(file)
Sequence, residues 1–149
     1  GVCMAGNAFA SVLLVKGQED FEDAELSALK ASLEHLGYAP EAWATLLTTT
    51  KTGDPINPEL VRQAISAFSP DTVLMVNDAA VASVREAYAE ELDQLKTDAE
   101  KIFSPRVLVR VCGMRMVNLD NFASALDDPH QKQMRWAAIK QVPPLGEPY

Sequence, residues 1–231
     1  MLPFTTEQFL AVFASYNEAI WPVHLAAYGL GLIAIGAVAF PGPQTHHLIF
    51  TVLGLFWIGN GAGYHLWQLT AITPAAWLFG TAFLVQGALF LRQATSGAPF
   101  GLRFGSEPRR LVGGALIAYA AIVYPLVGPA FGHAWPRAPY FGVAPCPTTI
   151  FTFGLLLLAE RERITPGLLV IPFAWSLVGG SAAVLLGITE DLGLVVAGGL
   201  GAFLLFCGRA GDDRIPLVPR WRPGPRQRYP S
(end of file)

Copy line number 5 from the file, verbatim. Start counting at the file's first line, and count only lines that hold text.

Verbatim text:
Sequence, residues 1–231